Sunday, November 20, 2011

For those in mid life

Maybe for you and then again maybe not

Are your eyes having a midlife crisis?

Once you reach your mid-forties, problems with blurred near vision are common.

Few escape a mid-life crisis in their vision. 

From an average age of 45, most of us develop those giveaway physical tics – moving menus back and forwards.

Books up and down, squinting and peering and closing one eye, as the eyes lose their ability to focus on near objects.

The condition, known as presbyopia or “middle-aged spread of the eye”, is thought to be caused by the weakening of the tiny muscles that normally control the lens shape.

As well as stiffening of the lens itself and minute changes to its curvature.

Until now, options for treatment have been limited. 

While most of the 4.5 million Britons affected will acquire reading glasses, it is possible to be fitted with a single contact lens

Or to have Lasik, a type of laser surgery more often used for short-sightedness (myopia), to correct one eye.

This reshapes the cornea (the clear part at the front of the eye, through which images are focused) and “tricks” the brain into adjusting its near-vision focus without losing the advantage of retaining long-distance vision in the other eye.

But Lasik involves a small flap being cut into the corneal surface and, like any invasive procedure, there are risks of side effects such as infection. 

Another solution is the operation routinely used for cataracts, in which the natural lens (which may still be healthy and clear at this age) is replaced with an artificial, multi-focal lens.

This is a drastic option, with either of the surgical interventions, patients can be left with permanent glare and halo, and that irritating sensation of dry eye. 

Now there is another option taking only 20 seconds to perform, the Intracor laser procedure is a gentle, safe, effective* and fast laser treatment.

The treatment not only treats your near vision, but also maintains good vision at all other distances, intermediate and distance vision.

The procedure is performed using a high-tech laser system called the Technolas Femtosecond Workstation which is made by a German company called Technolas Perfect Vision GmbH.

Presbyopia is treated by a very gentle all-laser process which accurately adjusts the central shape of the cornea, the front of the eye, which allows you to see near again.

The entire procedure is performed without making a single surgical incision through the surfaces of the cornea as the laser is targeted to only work within the cornea, in an area called the stroma.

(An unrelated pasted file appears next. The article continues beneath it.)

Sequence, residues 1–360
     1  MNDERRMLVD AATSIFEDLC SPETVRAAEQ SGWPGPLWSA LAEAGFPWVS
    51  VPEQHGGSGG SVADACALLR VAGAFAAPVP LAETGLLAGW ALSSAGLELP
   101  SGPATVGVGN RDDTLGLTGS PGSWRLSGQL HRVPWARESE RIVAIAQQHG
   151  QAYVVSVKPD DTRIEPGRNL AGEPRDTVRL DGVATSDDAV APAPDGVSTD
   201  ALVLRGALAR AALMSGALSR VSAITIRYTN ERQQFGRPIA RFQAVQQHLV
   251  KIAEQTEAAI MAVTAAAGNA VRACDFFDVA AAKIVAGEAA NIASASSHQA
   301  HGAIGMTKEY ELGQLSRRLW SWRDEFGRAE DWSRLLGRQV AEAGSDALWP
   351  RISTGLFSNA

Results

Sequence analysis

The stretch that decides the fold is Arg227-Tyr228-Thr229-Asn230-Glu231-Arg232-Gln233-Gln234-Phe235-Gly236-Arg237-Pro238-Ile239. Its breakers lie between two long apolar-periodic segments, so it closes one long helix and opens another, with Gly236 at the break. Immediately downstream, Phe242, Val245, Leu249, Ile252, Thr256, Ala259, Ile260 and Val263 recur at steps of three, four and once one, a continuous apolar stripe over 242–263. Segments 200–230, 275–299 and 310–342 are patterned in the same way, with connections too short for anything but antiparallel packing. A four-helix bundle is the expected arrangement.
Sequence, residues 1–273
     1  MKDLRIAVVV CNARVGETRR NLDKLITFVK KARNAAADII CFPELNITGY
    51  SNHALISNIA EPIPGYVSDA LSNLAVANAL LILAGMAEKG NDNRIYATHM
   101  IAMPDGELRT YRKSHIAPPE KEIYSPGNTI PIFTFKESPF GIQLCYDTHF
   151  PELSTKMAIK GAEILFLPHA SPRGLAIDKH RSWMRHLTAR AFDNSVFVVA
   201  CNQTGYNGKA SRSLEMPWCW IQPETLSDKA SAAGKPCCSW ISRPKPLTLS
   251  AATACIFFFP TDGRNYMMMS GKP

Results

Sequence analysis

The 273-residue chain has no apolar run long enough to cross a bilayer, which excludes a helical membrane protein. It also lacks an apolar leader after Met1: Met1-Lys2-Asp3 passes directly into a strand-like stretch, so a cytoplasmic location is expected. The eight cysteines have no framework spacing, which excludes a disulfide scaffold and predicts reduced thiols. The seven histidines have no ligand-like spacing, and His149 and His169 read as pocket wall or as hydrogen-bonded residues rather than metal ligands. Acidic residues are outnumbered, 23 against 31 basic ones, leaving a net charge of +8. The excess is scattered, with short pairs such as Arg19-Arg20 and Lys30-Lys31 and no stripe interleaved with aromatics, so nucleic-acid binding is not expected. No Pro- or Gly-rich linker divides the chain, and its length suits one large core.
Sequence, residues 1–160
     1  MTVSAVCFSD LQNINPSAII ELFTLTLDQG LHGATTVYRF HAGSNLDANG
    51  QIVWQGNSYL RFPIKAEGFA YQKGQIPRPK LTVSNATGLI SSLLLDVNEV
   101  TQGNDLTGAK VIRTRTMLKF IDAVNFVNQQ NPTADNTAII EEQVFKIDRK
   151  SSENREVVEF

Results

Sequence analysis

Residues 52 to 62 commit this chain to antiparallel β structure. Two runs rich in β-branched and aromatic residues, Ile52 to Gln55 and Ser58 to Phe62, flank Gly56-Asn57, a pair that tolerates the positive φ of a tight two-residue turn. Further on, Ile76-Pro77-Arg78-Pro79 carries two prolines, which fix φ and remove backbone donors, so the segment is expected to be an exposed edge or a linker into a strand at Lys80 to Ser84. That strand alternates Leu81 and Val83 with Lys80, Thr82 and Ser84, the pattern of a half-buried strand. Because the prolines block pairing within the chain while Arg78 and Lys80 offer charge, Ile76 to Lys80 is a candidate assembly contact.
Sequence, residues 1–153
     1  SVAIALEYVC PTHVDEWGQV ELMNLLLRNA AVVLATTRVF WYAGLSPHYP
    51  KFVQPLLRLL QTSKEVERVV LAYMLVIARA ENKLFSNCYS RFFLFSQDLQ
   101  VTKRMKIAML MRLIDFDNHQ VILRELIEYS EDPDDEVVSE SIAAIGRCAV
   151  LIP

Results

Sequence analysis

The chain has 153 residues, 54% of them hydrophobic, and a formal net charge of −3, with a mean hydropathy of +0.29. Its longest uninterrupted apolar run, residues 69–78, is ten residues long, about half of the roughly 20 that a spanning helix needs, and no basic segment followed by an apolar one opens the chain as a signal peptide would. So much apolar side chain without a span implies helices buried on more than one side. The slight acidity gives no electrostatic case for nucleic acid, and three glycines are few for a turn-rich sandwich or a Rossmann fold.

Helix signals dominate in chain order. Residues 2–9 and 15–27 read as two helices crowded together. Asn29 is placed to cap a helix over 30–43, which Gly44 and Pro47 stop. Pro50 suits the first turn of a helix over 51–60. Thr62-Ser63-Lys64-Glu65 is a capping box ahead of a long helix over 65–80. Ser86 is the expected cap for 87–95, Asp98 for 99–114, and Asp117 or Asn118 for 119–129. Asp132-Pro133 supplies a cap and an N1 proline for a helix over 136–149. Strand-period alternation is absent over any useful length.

The procedure uses the femtosecond laser to make a series of precise, microscopic concentric ring patterns in the stroma which result in a minor alteration to the corneal curvature to compensate for the presbyopia.

The whole procedure is over in just 20 seconds.
Intracor has been subjected to two clinical trials so far, with promising results for patients with presbyopia.
Researchers at the University of Heidelberg, Germany, are conducting a longer term study to assess patient satisfaction after three years.
The cost – £2,200 for one eye  – is worth it for many.
The procedure is carried out on just one eye. 

Unlike conventional laser eye surgery, the new method does not involve any incision into the surface of the cornea. 

For 20 seconds, the beam of light, called a femtosecond laser, makes a series of precise, microscopic concentric ring patterns within the cornea, in an area called the stroma, subtly altering the shape.

The sensation is felt like “a firm, deep pressure. 

By the evening, the patient can read as the drops wear off and by the next morning vision should be perfect.

Sometimes there is been a slight blurring, which normally wears off.

Although the risk of infection is minimised, many use antibiotic drops for two weeks.

This is a relatively new procedure, and it is not suitable for everyone. 

In about 10 per cent of patients, it is necessary to carry out a revision as it doesn’t always work first time.

It is also not suitable for anyone with a prescription that is not stable, where the cornea will continue to change shape over time. 

But it is particularly useful for anyone who needs perfect night vision, because halos and glare are rare side effects.

Victoria Lambert

No comments: